R&I spotlight on health and safety law
Produced in partnership with Jeremy Bark of Bryan Cave Leighton Paisner LLP
R&I spotlight on health and safety law

The following Restructuring & Insolvency practice note produced in partnership with Jeremy Bark of Bryan Cave Leighton Paisner LLP provides comprehensive and up to date legal information covering:

  • R&I spotlight on health and safety law
  • What is the main legislation covering this area?
  • Why is this relevant to IPs and their employees?
  • In what type of insolvency situations do health and safety issues arise?
  • Are there any steps that IPs can take to protect themselves from liability?
  • Be aware
  • Prior to appointment
  • Share information
  • Take matters seriously
  • Document any action
  • More...

What is the main legislation covering this area?

The main legislation concerning health and safety is the Health and Safety at Work etc Act 1974 (HSWA 1974). HSWA 1974:

  1. sets out:

    1. the broad health and safety duties which may apply in a work context,

    2. the enforcement regime for ensuring duties are properly discharged

  2. enables subordinate legislation to be made

There are more than 600 subordinate regulations which have been made under HSWA 1974. Quite often the regulations set out prescriptive obligations which must be adhered to. The regulations fall broadly into three categories and deal with:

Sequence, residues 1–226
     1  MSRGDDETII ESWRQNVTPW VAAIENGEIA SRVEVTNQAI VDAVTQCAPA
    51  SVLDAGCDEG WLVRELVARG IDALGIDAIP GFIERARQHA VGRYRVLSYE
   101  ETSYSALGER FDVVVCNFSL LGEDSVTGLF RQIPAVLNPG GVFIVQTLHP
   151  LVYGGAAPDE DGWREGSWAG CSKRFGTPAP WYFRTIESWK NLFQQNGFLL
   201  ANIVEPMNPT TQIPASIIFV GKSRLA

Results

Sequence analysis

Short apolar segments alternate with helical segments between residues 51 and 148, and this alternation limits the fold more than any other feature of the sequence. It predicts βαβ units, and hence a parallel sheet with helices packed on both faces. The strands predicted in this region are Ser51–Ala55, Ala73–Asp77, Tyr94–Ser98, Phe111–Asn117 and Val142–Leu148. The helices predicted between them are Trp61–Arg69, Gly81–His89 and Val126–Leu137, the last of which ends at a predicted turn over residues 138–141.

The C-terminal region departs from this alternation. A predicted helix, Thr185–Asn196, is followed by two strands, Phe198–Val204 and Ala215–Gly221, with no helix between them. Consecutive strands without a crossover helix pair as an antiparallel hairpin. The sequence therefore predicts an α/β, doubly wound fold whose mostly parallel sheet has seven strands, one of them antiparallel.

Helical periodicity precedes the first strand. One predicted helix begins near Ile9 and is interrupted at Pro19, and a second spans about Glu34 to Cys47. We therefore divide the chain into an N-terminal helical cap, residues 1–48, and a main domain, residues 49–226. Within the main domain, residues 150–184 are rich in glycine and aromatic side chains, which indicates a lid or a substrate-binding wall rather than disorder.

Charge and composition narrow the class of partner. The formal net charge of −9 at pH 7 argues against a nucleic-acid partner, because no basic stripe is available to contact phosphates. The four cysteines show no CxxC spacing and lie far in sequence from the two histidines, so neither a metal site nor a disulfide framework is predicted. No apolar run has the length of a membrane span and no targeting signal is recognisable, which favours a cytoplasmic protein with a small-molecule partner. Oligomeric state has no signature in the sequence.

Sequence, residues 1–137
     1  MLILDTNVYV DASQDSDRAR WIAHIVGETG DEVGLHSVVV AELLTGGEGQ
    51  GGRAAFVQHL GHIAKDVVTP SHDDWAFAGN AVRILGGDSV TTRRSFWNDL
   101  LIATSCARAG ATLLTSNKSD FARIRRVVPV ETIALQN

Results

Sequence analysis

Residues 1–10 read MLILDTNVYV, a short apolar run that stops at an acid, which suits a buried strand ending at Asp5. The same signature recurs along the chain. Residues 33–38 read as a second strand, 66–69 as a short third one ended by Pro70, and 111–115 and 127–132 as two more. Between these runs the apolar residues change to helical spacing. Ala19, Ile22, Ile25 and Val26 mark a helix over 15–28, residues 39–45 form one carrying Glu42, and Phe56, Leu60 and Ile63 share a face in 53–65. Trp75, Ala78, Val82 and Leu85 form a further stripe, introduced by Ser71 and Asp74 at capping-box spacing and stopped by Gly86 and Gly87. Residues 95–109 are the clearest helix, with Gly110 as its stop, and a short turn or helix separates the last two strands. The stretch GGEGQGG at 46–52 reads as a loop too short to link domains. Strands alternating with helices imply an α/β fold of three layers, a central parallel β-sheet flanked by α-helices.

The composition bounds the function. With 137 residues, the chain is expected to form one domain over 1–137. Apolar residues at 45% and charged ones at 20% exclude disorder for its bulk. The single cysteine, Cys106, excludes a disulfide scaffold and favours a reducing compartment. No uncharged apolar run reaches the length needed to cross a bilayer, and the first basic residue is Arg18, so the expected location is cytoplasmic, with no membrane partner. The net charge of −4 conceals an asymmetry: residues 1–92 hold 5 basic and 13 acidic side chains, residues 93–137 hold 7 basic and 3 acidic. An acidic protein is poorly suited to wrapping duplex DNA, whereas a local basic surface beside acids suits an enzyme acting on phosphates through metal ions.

1. the way in which particular activities must be carried out

  2. management of health and safety functions, and

  3. issues specific to the sector or industry

As such, in any given case much of the subordinate legislation will not be applicable. However, it is important in each case to be aware of the applicable legislative framework.

In addition, the Health and Safety Executive (HSE) also publishes approved codes of practice which are statutory guidance covering a number of different health and safety issues, such as water quality management. Where the guidance applies, then if it is followed, insolvency practitioners (IP) duty-holders can be confident that they have discharged their obligations.

Why is this relevant to IPs and their employees?

There are a number of reasons, the most important are the following:

  1. much of the health and

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